From: bos...@OKEEFFE.BERKELEY.EDU (Keith Bostic)
Subject: 4.3BSD-tahoe release
Date: 15 Jun 88 23:56:31 GMT
Organization: The Internet
We are happy to announce the availability of the release of
4.3BSD for the tahoe processors. Attached is a brief summary
of the information mailed to all 4.2 and 4.3BSD licensees.
This mailing contains all necessary ordering information;
if you have not received it by July 5th, please contact our
distribution office at +1-415-642-7780.
We are happy to send you information about our June
1988 revision of the Fourth Berkeley Software Distribution,
hereafter referred to as the ``4.3BSD tahoe'' distribution.
The purpose of this release is to provide 4.3BSD support for
the ``tahoe'' processor and to get feedback on some new
features and facilities that we expect to include in future
Berkeley releases. This distribution is not a standard
Berkeley release; it is an interim release intended for
testing and evaluation rather than production use by naive
users. The distribution is available to users with licenses
for the April 1986 4.3BSD release for the VAX.
What is the 4.3BSD Tahoe Release?
The distribution consists of one 6250 BPI or three 1600
BPI magnetic tapes, certain updated manual pages, and a copy
of ``Installing and Operating 4.3BSD on the Tahoe.'' The
magnetic tape(s) contain copies of source code and documen-
tation for both the VAX and the tahoe, and binaries for the
tahoe. On the three-tape 1600 BPI set, parts of the user-
contributed software are shipped as compressed archives to
The primary purpose of this release is to provide sup-
port for the ``tahoe'' processor, the CPU used by Computer
Consoles, Inc. (CCI Power 6/32, 6/32SX), and high end lines
of Harris (HCX-7 and HCX-9), Unisys (7000/40), and ICL (Clan
7). Support for this processor is derived from the 4.2BSD
system done by CCI. Support for new DEC equipment has also
been added, including support for the 8250 BI-based CPU and
the KDB-50 BI disk controller from Chris Torek, and the QVSS
and QDSS display drivers for the MicroVAX II, contributed by
Digital Equipment Corporation. We expect to provide support
for both the VAX and the tahoe processors in future
The major new software systems include the following
+ The TCP and IP code is the same as that recently made
available via the ARPANET and Usenet. Several new
algorithms are used in TCP, in particular Van
Jacobson's slow start and dynamic window size selection
algorithms and Phil Karn's modification to the round-
trip timing algorithm. These changes increase
throughput and reduce congestion and retransmission.
Several fixes were made in the handling of IP options
and other gateway support.
+ The file system has been generalized to remove the lim-
its on the maximum number of inodes per cylinder group,
cylinders per cylinder group, and number of dis-
tinguished rotational positions. The kernel and file
system utilities operate normally on both new and old
format file systems; old kernels treat the new file
systems as read-only. This change allows better utili-
zation of newer disks with larger numbers of sectors
+ The system has full support for disk labels that con-
tain disk geometry information and partition layout on
each disk. Labels are used on disks using the hp or
uda drivers on the VAX (hp or ra disks) and all sup-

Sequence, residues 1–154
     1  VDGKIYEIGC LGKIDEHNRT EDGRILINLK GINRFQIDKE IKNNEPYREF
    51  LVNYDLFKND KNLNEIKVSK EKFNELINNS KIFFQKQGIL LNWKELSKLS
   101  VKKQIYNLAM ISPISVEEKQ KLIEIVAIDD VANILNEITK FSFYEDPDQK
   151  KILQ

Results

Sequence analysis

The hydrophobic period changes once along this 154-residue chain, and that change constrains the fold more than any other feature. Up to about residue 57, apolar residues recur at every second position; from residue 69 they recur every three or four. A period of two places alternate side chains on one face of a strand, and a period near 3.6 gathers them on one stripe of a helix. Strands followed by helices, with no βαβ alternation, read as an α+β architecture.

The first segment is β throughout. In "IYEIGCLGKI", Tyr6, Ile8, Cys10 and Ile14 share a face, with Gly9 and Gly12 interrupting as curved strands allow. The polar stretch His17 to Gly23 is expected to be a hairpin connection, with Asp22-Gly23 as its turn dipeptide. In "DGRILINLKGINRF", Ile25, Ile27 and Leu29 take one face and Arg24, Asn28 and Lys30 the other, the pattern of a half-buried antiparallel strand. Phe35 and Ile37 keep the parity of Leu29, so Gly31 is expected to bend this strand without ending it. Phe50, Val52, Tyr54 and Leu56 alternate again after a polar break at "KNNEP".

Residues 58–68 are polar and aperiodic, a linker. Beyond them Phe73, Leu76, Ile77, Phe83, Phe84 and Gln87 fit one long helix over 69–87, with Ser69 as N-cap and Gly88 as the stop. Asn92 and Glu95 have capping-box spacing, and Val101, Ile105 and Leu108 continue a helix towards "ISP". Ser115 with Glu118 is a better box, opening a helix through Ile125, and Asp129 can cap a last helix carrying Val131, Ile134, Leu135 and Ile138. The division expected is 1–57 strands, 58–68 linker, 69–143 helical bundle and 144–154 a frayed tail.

ported disks on the tahoe. The utility to read and
write disk labels can be used with the system running
multiuser; the labels are used and updated as appropri-
ate by newfs, bad144, the kernel and the bootstrap pro-
grams. Basic file system parameters are stored in the
label so that fsck can locate alternate superblocks.
The filesystem and newfs use additional information
about the disk geometry that is now available, such as
+ A new general-purpose dynamic memory allocator has been
written that can be used by all the kernel subsystems.
The design of this allocator takes advantage of known
memory usage patterns in the UNIX kernel, using a
hybrid strategy that is time-efficient for small allo-
cations and space-efficient for large allocations.
This allocator replaces most of the previous memory
allocation interfaces with a single easy-to-program
interface, results in more efficient use of global
memory by eliminating partitioned and specialized
memory pools, and is quick enough that no performance
loss is observed relative to the previous implementa-
tions. Most of the kernel memory allocation is now
done using this allocator.
+ The source code has been reorganized to ease support of
multiple machine types.
+ The Olson/Harris/Elz timezone implementation has been
added to the system.
+ Numerous bug fixes and enhancements have been made
throughout the system, including new versions of the
nameserver named and the routing daemon routed.
Several years' backlog of bug fixes have been applied.
+ We have started a process of identifying the code in
the 4.3BSD distribution that is not derived from AT&T
code. The copyrights in this code have been changed to
indicate that it may be freely distributed if the copy-
right notice is retained and that due credit for its
origin is given to The Regents of the University of
California. Over 1000 files have been identified in
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SCO Files Lawsuit Against IBM
March 7, 2003 - The SCO Group filed legal action against IBM in the State
Court of Utah for trade secrets misappropriation, tortious interference,
unfair competition and breach of contract. The complaint alleges that IBM
made concentrated efforts to improperly destroy the economic value of
UNIX, particularly UNIX on Intel, to benefit IBM's Linux services
business. See SCO vs IBM.
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